Spring is here and that means it’s time to start planning and preparing my garden. Although I grew up helping my parents garden, that was more out of obligation than desire. When I started my own garden three years ago, I wasn’t sure where to begin. The good news is I didn’t overcomplicate it and I still ended up with a great garden. A few years later, I’m still experimenting and I encourage you to do the same.
There are so many great reasons to grow a backyard garden. You can shave some cost off of your weekly grocery bill. Fresh, ripe fruits and vegetables taste incredible, far better than their grocery counterparts picked early to keep from spoiling in the shipping process. As backyard gardening and buying local produce becomes more prominent, collectively we can decrease the amount of petroleum required to ship produce from distant locations as well as decrease the resulting GHG emissions. And while all those reasons are sufficient, there is something about gardening that nourishes the soul. So, I encourage you to try a backyard garden experiment – and involve kids too. Teach the next generation that food comes from plants, not grocery stores. Let them share in the awe and satisfaction that comes with growing your own food.
How to Experiment with Gardening
1. Select a Sunny Location: The first thing you want to do is figure out the best location in your yard for a garden. Look for a spot that gets sunlight eight hours a day. There are two locations in my yard that would’ve worked. I chose the one closer to my house and water source. Last year I was fortunate enough to get a rain barrel for Mother’s Day and we connected that to our downspout, collecting rainwater for the garden.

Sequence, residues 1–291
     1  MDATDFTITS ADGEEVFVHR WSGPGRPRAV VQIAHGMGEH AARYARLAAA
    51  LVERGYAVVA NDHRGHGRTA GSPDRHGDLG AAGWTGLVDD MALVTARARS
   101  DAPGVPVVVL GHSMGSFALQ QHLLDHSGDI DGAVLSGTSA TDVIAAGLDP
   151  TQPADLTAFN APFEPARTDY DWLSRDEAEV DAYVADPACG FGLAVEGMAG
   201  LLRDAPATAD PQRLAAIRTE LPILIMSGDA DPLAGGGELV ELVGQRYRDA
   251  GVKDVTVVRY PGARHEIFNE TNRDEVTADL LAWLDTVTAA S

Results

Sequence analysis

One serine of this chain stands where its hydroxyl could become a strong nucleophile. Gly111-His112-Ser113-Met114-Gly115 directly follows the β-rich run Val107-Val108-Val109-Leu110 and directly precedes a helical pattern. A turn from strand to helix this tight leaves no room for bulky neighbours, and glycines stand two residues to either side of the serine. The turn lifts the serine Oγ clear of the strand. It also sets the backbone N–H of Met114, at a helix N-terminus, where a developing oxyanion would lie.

2. Create Your Garden Bed: Choose the kind of garden bed that you want. I was able to salvage a used raised bed structure. You can easily build your own raised bed using wood, rocks or bricks to define the edge of your bed. Don’t forget that vegetables can also be integrated into your landscaping as well. Who says that space is only for flowers? One thing to keep in mind is critters. We have wood stakes around the inside of our garden frame with an attached wire fence. I can step over it at the same time it keeps the rabbits out. To fill a raised garden bed with dirt, we ordered a truckload of organic soil but you can buy bags as well. There are lots of tips around nutrients you can add to your soil, but it’s not necessary. I don’t add anything to my soil and still have a very productive garden. If you are working with an existing space, remove any grass and till the ground to break up hard soil, allowing for easier plant growth.
This is my preferred method for staking tomato plants to support their growth. It’s effective and it looks great too. You can purchase long wood stakes or bamboo rods at your local home improvement store and reuse them year after year.
3. Choose What You Will Grow: This is just an experiment, so select what you will try, get going and see what works. You can switch it next year. Given the limited space in my garden, I had to be selective. I thought about what I would like on hand weekly or what I could freeze or can to use in the winter. I asked some avid gardeners what was easy versus difficult to grow. For me, tomatoes, zucchini, green beans, spinach, peppers, carrots and herbs grow without troubles, in Ohio. I’m planning on adding new veggies this year and working some berry bushes into my landscaping. I would not recommend cucumber or other vine-like plants such as cantaloupe or watermelon in a small garden. Vine plants take over your garden and squeeze out other plants. Talk to a gardener about your ideas and get their suggestions.
My kids and I were very proud of our first carrot crop.
4. Remember Daily Care: In the dead heat of summer, watering your garden daily is critical to the vitality of your plants. It’s best to water in the early morning, before 10 AM. You can water in the evenings as well, but if the water doesn’t dry and sits on the plant leaves that could cause mold problems. Having an herbicide/pesticide-free garden is important to me, but that also means more weeds. The use of mulch or straw and stepping stones helps prohibit weed growth. It takes some weeding by hand too and thankfully my neighbors forgive me for the weeds I don’t get to.
So what are you waiting for? Start your garden experiment this weekend, even if that means a basil plant in the windowsill or one little potted tomato plant on your back deck. Enjoy your experiment!
By Jennifer Andress, Senior Consultant